Kordon Termite Barrier
Kordon is a flexible building protection tool providing a combined physical and uniquely repellent termite barrier. Click on Kordon tile on Home Page to learn more about Kordon warranties.
This robust material can easily be moulded or cut and joined to fit complex design features. It offers a complete under slab treatment for termite and moisture membrane protection.
Kordon comprises polyester webbing containing deltamethrin laminated between two UV stable, low-density polyethylene sheets. Its repellency creates an unpleasant environment for foraging termites and the spread of active ingredient is 100% consistent across the entire surface.
Key Product Facts:
- Active ingredient : Deltamethrin
- Extensively trialled and proven by C.S.I.R.O
- Perimeter and underslab protection against termites
- Guaranteed correct application rate of deltamethrin
- Manufactured and designed in Australia
- Complies with the Building Code of Australia
- Long term protection for real peace of mind
Use & Safety
- Commercial building
- Industrial building
- Public building
- Can irritate eyes and skin
- No special protective clothing or equipment required
How to use:
- Kordon TMB is installed on top of the bedding sand in new structures before the steel reinforcing mesh is laid.
- Concrete is then poured on top.
- It is applied during construction.
How does Kordon work?
Kordon is a flexible laminate that is installed in a building during construction to prevent concealed access by subterranean termites. Kordon also contains deltamethrin which is highly repellent to termites.
Subterranean termites (termites) are social insects that live in a colony like bees and ants. Typically, they form a nest in the soil or near ground level in a stump or tree trunk. They eat cellulose which is found in timber and timber products such as paper.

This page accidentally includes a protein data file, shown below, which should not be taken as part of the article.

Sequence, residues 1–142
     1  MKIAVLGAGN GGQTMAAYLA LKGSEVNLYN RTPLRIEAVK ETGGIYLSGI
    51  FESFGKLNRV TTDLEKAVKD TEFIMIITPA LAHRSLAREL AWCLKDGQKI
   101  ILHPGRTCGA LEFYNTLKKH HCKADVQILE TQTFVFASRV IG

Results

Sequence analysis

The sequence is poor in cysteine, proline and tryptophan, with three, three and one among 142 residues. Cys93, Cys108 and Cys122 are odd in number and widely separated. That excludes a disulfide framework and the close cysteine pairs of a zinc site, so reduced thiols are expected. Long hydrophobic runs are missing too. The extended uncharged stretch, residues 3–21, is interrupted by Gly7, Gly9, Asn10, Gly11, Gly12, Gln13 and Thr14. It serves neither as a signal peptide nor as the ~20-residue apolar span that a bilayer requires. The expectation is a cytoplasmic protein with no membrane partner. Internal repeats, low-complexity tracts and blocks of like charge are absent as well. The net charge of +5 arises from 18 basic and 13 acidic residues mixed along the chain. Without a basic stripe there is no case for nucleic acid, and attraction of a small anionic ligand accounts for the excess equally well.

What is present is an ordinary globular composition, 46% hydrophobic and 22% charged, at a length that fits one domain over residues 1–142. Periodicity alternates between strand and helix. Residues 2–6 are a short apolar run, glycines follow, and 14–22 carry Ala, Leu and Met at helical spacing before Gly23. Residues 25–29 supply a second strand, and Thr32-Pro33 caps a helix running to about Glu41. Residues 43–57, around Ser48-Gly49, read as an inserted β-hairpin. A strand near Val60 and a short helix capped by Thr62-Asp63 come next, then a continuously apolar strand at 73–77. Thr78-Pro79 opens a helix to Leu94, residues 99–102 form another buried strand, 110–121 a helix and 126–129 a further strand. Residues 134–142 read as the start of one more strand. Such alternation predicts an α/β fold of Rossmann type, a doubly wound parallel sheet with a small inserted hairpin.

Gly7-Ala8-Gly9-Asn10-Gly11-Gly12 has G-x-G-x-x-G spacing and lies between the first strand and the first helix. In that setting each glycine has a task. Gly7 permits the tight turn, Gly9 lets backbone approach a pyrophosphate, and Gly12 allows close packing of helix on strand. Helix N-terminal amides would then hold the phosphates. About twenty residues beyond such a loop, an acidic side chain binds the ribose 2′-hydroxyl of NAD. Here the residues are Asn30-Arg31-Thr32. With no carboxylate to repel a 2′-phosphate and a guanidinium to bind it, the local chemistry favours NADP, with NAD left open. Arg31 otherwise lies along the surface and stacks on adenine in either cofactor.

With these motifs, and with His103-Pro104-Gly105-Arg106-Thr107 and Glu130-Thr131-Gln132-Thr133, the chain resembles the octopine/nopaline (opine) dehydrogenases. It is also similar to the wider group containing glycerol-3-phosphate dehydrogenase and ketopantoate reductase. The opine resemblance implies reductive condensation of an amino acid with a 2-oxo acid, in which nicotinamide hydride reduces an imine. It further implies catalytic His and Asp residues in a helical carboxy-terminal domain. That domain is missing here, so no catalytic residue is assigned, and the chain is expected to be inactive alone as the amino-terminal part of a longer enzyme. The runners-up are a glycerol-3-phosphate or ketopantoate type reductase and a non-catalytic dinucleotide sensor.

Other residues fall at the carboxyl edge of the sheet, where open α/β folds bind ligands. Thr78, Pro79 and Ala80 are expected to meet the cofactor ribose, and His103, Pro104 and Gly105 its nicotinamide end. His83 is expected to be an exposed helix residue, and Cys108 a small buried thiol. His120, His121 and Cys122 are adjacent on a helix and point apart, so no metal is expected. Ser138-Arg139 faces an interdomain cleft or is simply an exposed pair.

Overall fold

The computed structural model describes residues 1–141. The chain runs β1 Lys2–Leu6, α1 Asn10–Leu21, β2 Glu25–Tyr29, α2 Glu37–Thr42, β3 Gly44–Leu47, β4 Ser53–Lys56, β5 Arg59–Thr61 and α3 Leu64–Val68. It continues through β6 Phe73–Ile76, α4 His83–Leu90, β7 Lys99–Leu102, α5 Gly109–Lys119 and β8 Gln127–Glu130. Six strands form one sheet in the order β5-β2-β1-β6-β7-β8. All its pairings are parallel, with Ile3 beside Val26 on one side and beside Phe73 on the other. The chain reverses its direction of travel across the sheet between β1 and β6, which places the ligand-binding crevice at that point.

Attack by termites originates from the nest. Foraging termites will seek cellulose up to 50m or more from their nest. Wood or timber underground is reached by a series of tunnels built by the termite workers.
Timber above ground may be reached inside the timber or via mud walled tubes plastered to exposed surfaces. These tubes are built by the termites to shelter them from the light and maintain humidity.
There are more than 350 species in Australia and about 30 are classified as economically important –they attack timber in buildings.
As well as eating timber, termites damage non-cellulose materials such as soft concrete, soft metal and plastic, building sealants and foam insulation. Cracks in concrete and the gap around pipes penetrating through the concrete slab offer easy access to termites.
Kordon is installed where termites attempt to gain access to the timber in a building. The deltamethrin in Kordon is highly repellent to termites and they will avoid close contact with it. Termites then look for cellulose elsewhere or seek to go around the Kordon.
To avoid Kordon, termites build mud tubes around the barrier which are detected during an inspection by a qualified Timber Pest Inspector. Steps are then taken to eliminate the termite colony before significant damage can be done.
When termites get concealed access, such as when Kordon is not installed, access is gained for a long period resulting in significant and expensive damage.
How long will the Kordon barrier last?
Kordon has been extensively tested by the CSIRO and has been evaluated to have a durability and design life in excess of 50 years. This represents the life expectancy of a building as deemed by Australian Building Codes Board (ABCB).
Can Kordon be installed in an existing house?
Generally, the answer is no but in certain circumstances, during a post construction termite treatment, the termite professional may elect to include Kordon in their treatment schedule. They are the best person to make this decision.